Many Miles, Many Smiles! (part 4)

Oregon! (our sixth stop!)

I like Oregon. It’s a friendly state. (But, if you’re trying to get to western Oregon, the state is a lot wider than one might assume from a map.)

However, once you make it to western Oregon, it’s totally worth it! Heck, I’d Rollerblade across Oregon to see this:

Crater Lake is perhaps the most beautiful thing I’ve ever seen! Ever! The lake water is insanely blue and the landscape is magnificent.

The only downside:  it was super duper cold! It was quite warm at the bottom of the mountain. It was a lot colder at the top of the mountain. Vacationers were piling out of cars to see the lake and then piling right back into cars to find whatever odd assortment of warm clothing happened to be at their fingertips.

Crater Lake seemed very peaceful, but this sign seemed to suggest the lake may become vicious if people get too close.

I stayed back, just in case Nessie currently resides in Oregon.

If you have travel plans anywhere remotely close to Crater Lake — GO! Seriously. It’s like the Brussels sprouts of vacation locations.

After we left Crater Lake, we headed north to Eugene. A disproportionate number of NPR callers are from Eugene, and I wanted to say I’d set foot in the city.

En route to Eugene, we saw some signs about some road being closed…somewhere.

Turns out, it was the road we needed. And it was completely shut down until 6 a.m. the next morning. (Oregon doesn’t mess around with road construction. Or, perhaps the state is too cheap to pay for pilot cars and flagger people.)

We wound up here:

Crescent Lake — population:  1 bar and 1 hotel; very little else. This picture pretty much captures the town.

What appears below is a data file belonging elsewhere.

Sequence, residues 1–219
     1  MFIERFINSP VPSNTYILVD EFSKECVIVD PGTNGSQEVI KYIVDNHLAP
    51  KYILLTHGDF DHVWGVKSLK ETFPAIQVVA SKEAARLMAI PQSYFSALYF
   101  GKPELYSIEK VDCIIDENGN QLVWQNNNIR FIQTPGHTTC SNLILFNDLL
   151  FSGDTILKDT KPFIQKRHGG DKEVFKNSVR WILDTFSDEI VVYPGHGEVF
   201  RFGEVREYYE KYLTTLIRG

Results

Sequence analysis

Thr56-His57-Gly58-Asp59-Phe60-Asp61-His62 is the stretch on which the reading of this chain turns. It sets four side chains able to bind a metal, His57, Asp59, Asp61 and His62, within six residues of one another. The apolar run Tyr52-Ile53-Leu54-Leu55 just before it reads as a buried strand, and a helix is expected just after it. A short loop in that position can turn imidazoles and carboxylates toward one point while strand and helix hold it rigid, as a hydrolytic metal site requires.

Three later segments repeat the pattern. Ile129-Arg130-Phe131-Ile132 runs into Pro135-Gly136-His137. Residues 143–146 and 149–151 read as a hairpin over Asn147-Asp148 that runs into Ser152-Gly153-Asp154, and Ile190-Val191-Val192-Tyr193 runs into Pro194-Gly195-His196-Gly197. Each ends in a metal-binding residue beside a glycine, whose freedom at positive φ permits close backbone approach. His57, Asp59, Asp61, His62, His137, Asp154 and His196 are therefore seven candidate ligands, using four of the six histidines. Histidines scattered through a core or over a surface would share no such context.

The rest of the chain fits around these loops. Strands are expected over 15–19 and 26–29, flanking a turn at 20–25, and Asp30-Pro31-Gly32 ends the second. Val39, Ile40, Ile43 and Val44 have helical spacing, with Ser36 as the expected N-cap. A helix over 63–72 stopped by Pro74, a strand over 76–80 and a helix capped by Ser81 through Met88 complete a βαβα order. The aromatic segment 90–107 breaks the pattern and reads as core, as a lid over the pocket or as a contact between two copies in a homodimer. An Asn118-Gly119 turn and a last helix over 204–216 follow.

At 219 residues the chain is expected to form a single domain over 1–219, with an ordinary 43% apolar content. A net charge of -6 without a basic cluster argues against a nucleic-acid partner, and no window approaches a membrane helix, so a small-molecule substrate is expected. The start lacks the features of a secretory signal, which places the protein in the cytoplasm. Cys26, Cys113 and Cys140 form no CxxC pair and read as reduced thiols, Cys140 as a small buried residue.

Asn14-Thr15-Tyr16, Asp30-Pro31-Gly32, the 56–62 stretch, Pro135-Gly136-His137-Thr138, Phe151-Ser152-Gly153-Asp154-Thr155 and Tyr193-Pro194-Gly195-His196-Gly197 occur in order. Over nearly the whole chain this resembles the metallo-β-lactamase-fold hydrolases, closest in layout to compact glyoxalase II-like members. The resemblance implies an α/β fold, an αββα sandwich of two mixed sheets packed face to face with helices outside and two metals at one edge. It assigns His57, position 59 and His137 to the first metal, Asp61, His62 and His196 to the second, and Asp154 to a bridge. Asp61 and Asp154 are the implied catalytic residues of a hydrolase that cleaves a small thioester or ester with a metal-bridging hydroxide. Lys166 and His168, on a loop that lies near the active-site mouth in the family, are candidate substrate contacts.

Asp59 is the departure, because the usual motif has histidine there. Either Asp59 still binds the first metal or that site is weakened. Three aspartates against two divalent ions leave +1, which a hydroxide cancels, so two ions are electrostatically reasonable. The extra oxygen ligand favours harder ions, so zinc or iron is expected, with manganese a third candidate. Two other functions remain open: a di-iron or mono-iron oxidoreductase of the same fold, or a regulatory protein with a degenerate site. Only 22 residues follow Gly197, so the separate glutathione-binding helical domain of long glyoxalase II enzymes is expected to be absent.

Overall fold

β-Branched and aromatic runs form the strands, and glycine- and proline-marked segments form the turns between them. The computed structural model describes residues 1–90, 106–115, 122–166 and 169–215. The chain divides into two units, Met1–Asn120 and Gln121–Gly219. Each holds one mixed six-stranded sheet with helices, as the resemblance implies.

We considered this to be less than ideal. We were tent-dwellers, and the best place to pitch our home seemed to be the parking lot of the bar. Or the ditch in front of the bar. We feared supper would consist of greasy French fries and Bud Light.

But, we did note (several times!) that this unfortunate camping experience would make a great story when we got back to Iowa!

AND — our unfortunate tale turned out to be a tale of fortune and a tale of YERT!

After we stopped at the Crescent Lake bar and learned the only way we could possibly escape the town is if:  (1) it was daylight; (2) we were locals; and (3) we had a 4-wheeler, we started looking for a parking spot for the tent.

The RV park had a strict “no tent” rule, but we were told we could pitch a tent down the road in a national forest. When we got to the national forest campground, we saw this (!!!!!):

A YERT! For the low price of $30, we got to stay in a yert and enjoy amenities like a bed and a wood stove! Much better than pitching a tent in a ditch.

To make the situation even better, the national forest had a little resort with a restaurant — an awesome restaurant that served us giant spinach salads, warm berry pie, and local beer!

I think our Crescent Lake experience can be summed up with the popular phrase:  when life hands you a closed road, find a nearby yert and enjoy life!


In addition to fabulous lakes and excellent produce, Oregon also had some great signs:

This sign was in a laundromat. (We desperately needed to stop here — Ron Prius smelled like wet socks.) I wouldn’t recommend hiring this person for yard work unless you really need fertilizer in your yard.

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